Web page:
To find the cumulative frequencies, add all the previous frequencies to the frequency for the current row, as shown in the Table 1.1.

Table 1.1 Cumulative frequency of ages

 Age intervals Frequency Cumulative frequency $\scriptsize 9 \lt x\le 12$ $\scriptsize 5$ $\scriptsize 5$ $\scriptsize 12 \lt x\le 15$ $\scriptsize 8$ $\scriptsize 5+8=13$ $\scriptsize 15 \lt x\le 18$ $\scriptsize 12$ $\scriptsize 13+12=25$ $\scriptsize 18 \lt x\le 21$ $\scriptsize 9$ $\scriptsize 25+9=34$ $\scriptsize 21 \lt x\le 24$ $\scriptsize 7$ $\scriptsize 34+7=41$ $\scriptsize 24 \lt x\le 27$ $\scriptsize 6$ $\scriptsize 41+6=47$ $\scriptsize 27 \lt x\le 30$ $\scriptsize 1$ $\scriptsize 47+1=48$ Total $\scriptsize 48$

The last value in the cumulative frequency column will always be equal to the total sum of all observations, since the sum of all frequencies will already have been added to the previous total.

Cumulative frequency graphs are often used to represent and compare data. You will see more of this in unit 2 of this subject outcome.

## Summary

In this unit you have learnt the following:

• How to group data using frequencies.
• How to construct a frequency distribution.
• How to create equal class intervals for a frequency distribution.

# Unit 1: Assessment

#### Suggested time to complete: 20 minutes

1. The maths marks, out of $\scriptsize \displaystyle 50$, for $\scriptsize \displaystyle 35$ learners are given below:
.
\scriptsize \displaystyle \begin{align*}&46;\text{ }40;\text{ }12;\text{ }10;\text{ }47;\text{ }23;\text{ }26;\text{ }8;\text{ }29;\text{ }34;\text{ }37;\text{ }17;\text{ }40;\text{ }50;\text{ }18;\text{ }23;\text{ }33;\text{ }\\&23;\text{ }24;\text{ }15;\text{ }35;\text{ }23;\text{ }19;\text{ }22;\text{ }28;\text{ }35;\text{ }27;\text{ }42;\text{ }29;\text{ }26;\text{ }46;\text{ }33;\text{ }27;\text{ }19;\text{ }28\end{align*}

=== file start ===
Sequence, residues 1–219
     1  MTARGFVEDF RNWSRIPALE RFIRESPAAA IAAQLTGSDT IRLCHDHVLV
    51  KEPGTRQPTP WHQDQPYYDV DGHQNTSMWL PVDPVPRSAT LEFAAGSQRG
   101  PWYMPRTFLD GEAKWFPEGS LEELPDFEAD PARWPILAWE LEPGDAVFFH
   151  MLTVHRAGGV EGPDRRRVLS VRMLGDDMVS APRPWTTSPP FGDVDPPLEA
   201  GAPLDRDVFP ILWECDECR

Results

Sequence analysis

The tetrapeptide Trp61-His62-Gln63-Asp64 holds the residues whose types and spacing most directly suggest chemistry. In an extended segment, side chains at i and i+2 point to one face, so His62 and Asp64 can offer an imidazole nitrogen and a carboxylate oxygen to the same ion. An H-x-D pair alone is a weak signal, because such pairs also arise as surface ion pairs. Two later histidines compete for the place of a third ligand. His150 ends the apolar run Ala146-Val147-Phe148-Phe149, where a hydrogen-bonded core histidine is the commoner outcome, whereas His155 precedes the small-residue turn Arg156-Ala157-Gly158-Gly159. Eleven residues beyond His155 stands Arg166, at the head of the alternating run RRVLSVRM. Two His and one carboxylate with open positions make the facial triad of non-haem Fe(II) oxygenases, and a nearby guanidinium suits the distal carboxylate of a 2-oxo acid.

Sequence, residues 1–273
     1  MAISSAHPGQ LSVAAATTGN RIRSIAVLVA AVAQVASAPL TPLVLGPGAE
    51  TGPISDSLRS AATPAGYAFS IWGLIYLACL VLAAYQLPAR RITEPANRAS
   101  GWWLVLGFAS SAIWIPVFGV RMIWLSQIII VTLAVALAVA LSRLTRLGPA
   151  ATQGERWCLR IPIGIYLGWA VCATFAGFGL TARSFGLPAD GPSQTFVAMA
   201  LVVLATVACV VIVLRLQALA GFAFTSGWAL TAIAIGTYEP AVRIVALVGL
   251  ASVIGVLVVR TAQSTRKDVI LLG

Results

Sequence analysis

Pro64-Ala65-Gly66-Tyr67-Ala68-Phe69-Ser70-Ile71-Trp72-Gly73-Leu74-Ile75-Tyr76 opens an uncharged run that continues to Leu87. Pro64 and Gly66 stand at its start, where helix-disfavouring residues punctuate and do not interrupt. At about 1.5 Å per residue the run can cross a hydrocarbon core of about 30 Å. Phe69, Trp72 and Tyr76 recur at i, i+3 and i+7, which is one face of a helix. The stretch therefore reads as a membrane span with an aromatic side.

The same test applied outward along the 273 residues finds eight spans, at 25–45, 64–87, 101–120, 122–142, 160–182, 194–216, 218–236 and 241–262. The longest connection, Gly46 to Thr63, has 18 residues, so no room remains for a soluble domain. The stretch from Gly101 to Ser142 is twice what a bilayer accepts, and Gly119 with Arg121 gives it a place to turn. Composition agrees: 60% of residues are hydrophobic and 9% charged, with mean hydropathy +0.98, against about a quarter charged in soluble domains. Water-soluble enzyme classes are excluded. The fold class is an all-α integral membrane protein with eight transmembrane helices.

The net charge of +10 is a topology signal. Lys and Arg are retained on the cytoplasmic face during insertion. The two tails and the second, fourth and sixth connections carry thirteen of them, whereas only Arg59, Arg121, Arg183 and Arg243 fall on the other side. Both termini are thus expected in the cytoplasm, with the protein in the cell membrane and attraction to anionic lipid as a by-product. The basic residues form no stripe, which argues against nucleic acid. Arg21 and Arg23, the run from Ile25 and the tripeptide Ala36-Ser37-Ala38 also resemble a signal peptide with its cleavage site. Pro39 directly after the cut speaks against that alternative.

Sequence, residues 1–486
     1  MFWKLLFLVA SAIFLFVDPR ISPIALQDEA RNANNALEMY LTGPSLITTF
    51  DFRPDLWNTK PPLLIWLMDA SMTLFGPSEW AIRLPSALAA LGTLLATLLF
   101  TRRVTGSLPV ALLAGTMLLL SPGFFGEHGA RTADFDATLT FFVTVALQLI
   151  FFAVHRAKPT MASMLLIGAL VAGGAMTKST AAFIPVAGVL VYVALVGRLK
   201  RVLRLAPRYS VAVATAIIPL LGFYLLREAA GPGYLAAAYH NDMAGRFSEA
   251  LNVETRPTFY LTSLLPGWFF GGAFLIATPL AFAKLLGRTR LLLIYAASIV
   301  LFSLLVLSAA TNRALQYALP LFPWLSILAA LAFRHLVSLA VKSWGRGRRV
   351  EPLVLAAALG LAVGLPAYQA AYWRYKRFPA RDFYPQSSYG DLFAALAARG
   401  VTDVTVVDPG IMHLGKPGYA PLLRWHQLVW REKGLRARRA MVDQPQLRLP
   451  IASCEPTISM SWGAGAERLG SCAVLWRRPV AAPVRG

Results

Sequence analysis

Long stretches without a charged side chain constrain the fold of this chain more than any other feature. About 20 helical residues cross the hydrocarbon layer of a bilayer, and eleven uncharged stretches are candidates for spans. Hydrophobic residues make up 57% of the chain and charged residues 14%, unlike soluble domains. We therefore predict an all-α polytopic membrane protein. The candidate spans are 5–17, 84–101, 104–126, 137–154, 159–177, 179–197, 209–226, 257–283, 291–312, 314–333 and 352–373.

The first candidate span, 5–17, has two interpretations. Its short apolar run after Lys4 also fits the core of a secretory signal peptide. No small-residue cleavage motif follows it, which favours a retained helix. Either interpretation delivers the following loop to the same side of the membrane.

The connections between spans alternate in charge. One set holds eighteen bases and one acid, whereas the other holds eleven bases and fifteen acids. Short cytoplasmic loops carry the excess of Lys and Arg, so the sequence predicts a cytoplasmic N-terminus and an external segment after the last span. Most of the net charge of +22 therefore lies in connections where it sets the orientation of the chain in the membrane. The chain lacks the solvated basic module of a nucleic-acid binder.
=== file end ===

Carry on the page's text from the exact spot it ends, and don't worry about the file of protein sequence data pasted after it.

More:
.
Organise the data by using a frequency table.
2. The frequency table shows the test marks for a statistics course. Find the missing values.
 Test score intervals Frequency Cumulative frequency $\scriptsize 49.5 \lt x\le 59.5$ $\scriptsize 5$ A $\scriptsize 59.5 \lt x\le 69.5$ $\scriptsize 10$ $\scriptsize 15$ $\scriptsize 69.5 \lt x\le 79.5$ B $\scriptsize 45$ $\scriptsize 79.5 \lt x\le 89.5$ $\scriptsize 40$ $\scriptsize 85$ $\scriptsize 89.5 \lt x\le 99.5$ $\scriptsize 15$ C

The full solutions are at the end of the unit.

# Unit 1: Solutions

### Exercise 1.1

1. .
 Intervals for the number of customers Frequency $\scriptsize 10-15$ $\scriptsize 13$ $\scriptsize 16-21$ $\scriptsize 8$ $\scriptsize 22-27$ $\scriptsize 9$
2. $\scriptsize 30\text{ days}$
3. He has $\scriptsize 16$ or more customers on $\scriptsize 17$ days, which is more than $\scriptsize 50\%$ of the total number of days observed so he should not close his shop down.

Back to Exercise 1.1

### Unit 1: Assessment

1. .
 Score intervals Frequency $\scriptsize 0-10$ $\scriptsize 2$ $\scriptsize 11-20$ $\scriptsize 6$ $\scriptsize 21-30$ $\scriptsize 14$ $\scriptsize 31-40$ $\scriptsize 8$ $\scriptsize 41-50$ $\scriptsize 5$
2. .
 Test score intervals Frequency Cumulative frequency $\scriptsize 49.5 \lt x\le 59.5$ $\scriptsize 5$ $\scriptsize \text{A}=5$ $\scriptsize 59.5 \lt x\le 69.5$ $\scriptsize 10$ $\scriptsize 15$ $\scriptsize 69.5 \lt x\le 79.5$ $\scriptsize \text{B}=45-15=30$ $\scriptsize 45$ $\scriptsize 79.5 \lt x\le 89.5$ $\scriptsize 40$ $\scriptsize 85$ $\scriptsize 89.5 \lt x\le 99.5$ $\scriptsize 15$ $\scriptsize \text{C}=100$

Back to Unit 1: Assessment